Converting rows into columns is often referred to as "pivoting." In SQL, you can achieve this using the *CASE* statement in conjunction with an aggregate function, typically *SUM()* or *COUNT()*.
Here's a generic way to convert rows into columns using the *CASE* statement:
###### Example Scenario

Suppose you have a table called *Sales* with the following structure:
| ID | Product | Amount |
|----|-----------|--------|
| 1 | A | 100 |
| 2 | B | 200 |
| 3 | A | 150 |
| 4 | B | 250 |
| 5 | C | 300 |
###### Goal

You want to transform this table so that each product becomes a column, and the rows are aggregated by the *Amount*.
###### SQL Query

Here’s how you’d write a SQL query to achieve that with the *CASE* statement:
SELECT
SUM(CASE WHEN Product = 'A' THEN Amount ELSE 0 END) AS Product_A,
SUM(CASE WHEN Product = 'B' THEN Amount ELSE 0 END) AS Product_B,
SUM(CASE WHEN Product = 'C' THEN Amount ELSE 0 END) AS Product_C
FROM
Sales;

###### Explanation

1. **CASE Statement**: For each product, we use a *CASE* statement to assign the *Amount* to its respective product column. If the condition (*Product = 'A'*, *Product = 'B'*, etc.) is true, it returns the *Amount*. Otherwise, it returns 0.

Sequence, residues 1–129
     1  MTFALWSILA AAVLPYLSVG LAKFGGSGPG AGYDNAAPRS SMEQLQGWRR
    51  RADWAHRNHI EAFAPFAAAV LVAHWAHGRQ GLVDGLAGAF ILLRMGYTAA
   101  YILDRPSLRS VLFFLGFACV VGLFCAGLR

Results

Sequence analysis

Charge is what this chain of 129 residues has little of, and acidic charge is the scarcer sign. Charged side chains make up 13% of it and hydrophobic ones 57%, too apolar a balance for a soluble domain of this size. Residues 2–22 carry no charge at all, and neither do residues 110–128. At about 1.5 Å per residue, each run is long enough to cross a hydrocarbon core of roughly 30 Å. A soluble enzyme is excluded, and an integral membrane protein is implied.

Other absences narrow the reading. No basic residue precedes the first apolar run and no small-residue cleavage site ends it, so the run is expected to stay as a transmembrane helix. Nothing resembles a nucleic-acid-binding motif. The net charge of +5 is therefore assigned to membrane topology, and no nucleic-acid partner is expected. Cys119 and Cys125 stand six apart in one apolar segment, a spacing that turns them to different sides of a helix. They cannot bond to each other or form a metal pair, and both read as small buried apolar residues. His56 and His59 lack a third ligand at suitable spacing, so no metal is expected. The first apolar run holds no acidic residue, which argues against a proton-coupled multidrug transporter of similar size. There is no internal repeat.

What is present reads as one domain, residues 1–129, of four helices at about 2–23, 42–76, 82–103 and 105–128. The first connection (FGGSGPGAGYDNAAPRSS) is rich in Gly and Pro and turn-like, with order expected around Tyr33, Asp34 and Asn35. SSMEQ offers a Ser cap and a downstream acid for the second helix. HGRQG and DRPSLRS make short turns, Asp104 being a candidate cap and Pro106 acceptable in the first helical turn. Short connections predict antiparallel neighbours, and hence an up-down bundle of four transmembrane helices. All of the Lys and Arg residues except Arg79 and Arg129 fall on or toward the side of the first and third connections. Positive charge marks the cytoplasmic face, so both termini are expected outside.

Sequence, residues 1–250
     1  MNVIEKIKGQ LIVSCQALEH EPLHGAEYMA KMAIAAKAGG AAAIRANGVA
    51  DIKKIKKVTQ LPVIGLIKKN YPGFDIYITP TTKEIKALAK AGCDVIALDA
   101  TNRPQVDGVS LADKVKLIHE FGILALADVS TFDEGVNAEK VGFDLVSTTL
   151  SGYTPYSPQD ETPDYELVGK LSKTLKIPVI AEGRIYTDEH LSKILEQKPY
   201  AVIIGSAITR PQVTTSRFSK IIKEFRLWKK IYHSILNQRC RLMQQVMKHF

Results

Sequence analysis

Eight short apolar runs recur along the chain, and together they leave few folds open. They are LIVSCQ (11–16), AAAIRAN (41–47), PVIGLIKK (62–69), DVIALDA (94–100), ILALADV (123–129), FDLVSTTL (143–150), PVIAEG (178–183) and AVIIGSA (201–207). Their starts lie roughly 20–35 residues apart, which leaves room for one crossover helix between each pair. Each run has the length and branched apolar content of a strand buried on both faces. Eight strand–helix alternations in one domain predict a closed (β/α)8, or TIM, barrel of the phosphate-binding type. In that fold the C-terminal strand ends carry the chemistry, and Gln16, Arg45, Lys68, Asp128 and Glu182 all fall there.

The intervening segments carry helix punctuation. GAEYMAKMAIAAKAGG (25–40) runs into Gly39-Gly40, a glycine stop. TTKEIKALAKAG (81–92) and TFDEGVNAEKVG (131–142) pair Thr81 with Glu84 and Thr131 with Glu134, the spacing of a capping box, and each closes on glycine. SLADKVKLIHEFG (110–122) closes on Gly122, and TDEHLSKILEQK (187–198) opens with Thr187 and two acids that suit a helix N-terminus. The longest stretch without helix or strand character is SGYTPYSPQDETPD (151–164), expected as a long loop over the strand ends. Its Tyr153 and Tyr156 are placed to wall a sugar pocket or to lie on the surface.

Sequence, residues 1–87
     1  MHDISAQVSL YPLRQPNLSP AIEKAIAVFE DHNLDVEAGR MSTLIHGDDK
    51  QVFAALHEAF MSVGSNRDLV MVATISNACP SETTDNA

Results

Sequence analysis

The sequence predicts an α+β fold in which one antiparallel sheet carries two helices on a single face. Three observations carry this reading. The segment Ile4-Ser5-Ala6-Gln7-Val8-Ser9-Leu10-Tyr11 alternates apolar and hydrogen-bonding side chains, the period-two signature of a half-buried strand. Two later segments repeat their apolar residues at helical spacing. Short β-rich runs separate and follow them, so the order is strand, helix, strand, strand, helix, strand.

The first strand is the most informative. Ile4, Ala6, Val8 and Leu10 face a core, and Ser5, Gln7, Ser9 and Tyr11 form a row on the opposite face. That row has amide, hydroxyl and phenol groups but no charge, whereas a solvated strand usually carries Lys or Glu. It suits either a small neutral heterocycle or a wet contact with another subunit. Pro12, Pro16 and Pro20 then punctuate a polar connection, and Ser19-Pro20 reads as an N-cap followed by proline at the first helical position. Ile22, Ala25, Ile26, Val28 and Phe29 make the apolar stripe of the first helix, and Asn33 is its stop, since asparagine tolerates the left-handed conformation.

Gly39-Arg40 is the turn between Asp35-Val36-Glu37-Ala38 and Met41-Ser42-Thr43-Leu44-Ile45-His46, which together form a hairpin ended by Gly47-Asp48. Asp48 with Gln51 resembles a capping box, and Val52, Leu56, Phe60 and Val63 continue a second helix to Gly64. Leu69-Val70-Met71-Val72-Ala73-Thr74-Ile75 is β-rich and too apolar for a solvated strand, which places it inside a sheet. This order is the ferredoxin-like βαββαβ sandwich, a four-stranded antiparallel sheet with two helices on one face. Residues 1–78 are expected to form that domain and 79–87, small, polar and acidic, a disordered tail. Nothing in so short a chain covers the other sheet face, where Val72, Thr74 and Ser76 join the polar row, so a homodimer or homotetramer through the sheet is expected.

2. **SUM Function**: The *SUM* function is used to aggregate the results, ensuring that all amounts for each product are summed together.
3. **Column Aliasing**: We alias each sum with a meaningful column name (*Product_A*, *Product_B*, etc.) for clarity in the result set.
###### Result

The output of this query will be:
| Product_A | Product_B | Product_C |
|-----------|-----------|-----------|
| 250 | 450 | 300 |
In this result:
- *250* is the total for Product A (100 + 150).
- *450* is the total for Product B (200 + 250).
- *300* is the total for Product C.
###### Additional Notes

- If you have more products, you'll need to extend the *CASE* statements accordingly.
- It's important to consider performance for large datasets, as using multiple *CASE* statements can become cumbersome. In such cases, consider using more advanced techniques like Common Table Expressions (CTEs) or specific pivot functions if supported by your SQL dialect.